The first 20 miles or so were rolling, sweeping hills and it was easy to average over 20 miles per hour here. Edward and I got separated from Susan pretty early on and Edward eventually tucked in behind a large peloton of cyclists and was gone! Once the mayhem settled out I was able to settle down in to a comfortable pace and enjoy the ride.

The scenery was absolutely breathtaking. The road winds around a small lake house community outside Tryon. The water on the lake was as still as glass and made the reflection of the lake houses look like geometric origami shapes. It was near the lake that Patrick Dempsey caught up to me and passed by with a couple of other riders chatting it up.

Edward and I regrouped at the first rest stop and mentally prepared ourselves for the next section of the course, which included a 5 mile straight climb up a mountain! After grabbing some snacks and a porta break, we were back on the road. The mountain grade ended up being not as steep as I thought it would be and we attacked the climb at a comfortable and maintainable pace.

About two miles in to the climb we rode up on an awesome sight, a father-son duo mashing their way up the mountain. MIKE and his 11yr old son Ben were doing the Medio and Ben was impressively putting some good distance on his dad, so I rode up ahead with him and began chatting. It turns out that Ben LOVES cycling, wants to be a professional cyclist, and has actually ridden 153 miles in one day! Talk about being amazed and inspired. Take note of that name, as I’m sure we’ll see some incredible things in the world of cycling from Ben!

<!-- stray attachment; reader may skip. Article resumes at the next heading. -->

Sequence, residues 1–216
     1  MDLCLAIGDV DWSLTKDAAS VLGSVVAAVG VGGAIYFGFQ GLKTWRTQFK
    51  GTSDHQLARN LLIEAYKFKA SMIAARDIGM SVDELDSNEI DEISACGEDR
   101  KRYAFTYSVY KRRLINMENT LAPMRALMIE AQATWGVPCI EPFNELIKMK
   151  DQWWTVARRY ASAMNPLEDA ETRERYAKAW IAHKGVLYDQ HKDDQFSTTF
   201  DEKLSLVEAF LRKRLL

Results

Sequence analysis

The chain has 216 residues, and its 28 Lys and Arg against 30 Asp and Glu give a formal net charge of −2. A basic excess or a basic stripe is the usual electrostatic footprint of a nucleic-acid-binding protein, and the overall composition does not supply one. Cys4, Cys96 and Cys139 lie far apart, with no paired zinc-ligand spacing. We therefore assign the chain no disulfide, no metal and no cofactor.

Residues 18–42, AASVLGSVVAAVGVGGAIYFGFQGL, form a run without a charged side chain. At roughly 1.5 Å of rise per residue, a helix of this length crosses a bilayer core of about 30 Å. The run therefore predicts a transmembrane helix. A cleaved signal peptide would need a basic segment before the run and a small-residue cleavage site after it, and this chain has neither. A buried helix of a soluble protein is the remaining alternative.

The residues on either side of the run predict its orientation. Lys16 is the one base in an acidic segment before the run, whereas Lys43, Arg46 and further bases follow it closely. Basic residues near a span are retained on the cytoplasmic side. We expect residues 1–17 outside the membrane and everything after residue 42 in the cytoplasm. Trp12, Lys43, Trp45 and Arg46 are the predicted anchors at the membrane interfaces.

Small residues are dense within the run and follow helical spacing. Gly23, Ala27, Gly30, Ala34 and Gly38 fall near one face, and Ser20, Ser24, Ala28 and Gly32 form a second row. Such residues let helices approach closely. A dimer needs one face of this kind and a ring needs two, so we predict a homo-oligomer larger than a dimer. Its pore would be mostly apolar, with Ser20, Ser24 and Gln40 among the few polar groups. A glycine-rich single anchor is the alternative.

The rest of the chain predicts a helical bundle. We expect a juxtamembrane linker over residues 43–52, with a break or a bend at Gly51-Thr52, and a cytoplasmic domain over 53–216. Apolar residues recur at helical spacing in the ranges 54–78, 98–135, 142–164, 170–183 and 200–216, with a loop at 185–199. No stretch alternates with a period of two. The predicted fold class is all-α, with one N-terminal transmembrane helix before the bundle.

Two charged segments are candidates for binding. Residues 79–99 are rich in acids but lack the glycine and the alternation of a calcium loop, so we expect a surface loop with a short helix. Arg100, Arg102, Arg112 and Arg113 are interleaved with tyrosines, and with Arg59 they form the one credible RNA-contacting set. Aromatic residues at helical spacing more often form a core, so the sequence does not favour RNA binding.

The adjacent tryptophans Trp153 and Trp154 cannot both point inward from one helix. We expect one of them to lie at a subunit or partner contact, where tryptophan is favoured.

We finally made it to the top and over the backside of the mountain. The five mile sweeping decent was well worth the effort of the climb, especially on a tri-bike. It was relatively spaced out so I felt comfortable resting on my aero bars and enjoyed the thrill and speed of the descent.

The final 10 miles did deliver a blow to my exhausted legs. It surprisingly had several short climbs that pitched upwards of 12% in grade. At this point I was pretty tired, hungry and craving salt so I dreamt of the post ride payeya and spread everyone had talked about on the ride.

At last, Edward and I turned in and rode the 300 ft red carpet to the glorious Hincapie finish line, racked our bikes and hit the after party. The entire hotel and lawn were full of cyclists, and their friends and family. The weather was absolutely gorgeous, a tad warm on the bike, but sunny blue skies and a cool fall breeze. The payeya was everything I could have dreamed of and I dumped about a half a bottle of salt on it!

All in all the event was spectacular. The Hincapie’s know a thing or two about cycling and running events. Everything was executed smoothly and the full VIP experience was one of absolute catering and pampering to the cyclist. This was an event I’ll certainly never forget -THANK YOU Edward for the opportunity and Susan for the good company and driving- and hope to be able to do again. In fact, I’m pretty sure next time I’ll do the gran fondo (80 miles) and yes it will probably be on my tried and true, old faithful tri-bike!

Lessons learned:
You can survive a fondo on your tri-bike
Always take salt- even when the weather is cooler
Do not eat a large breakfast burrito before the start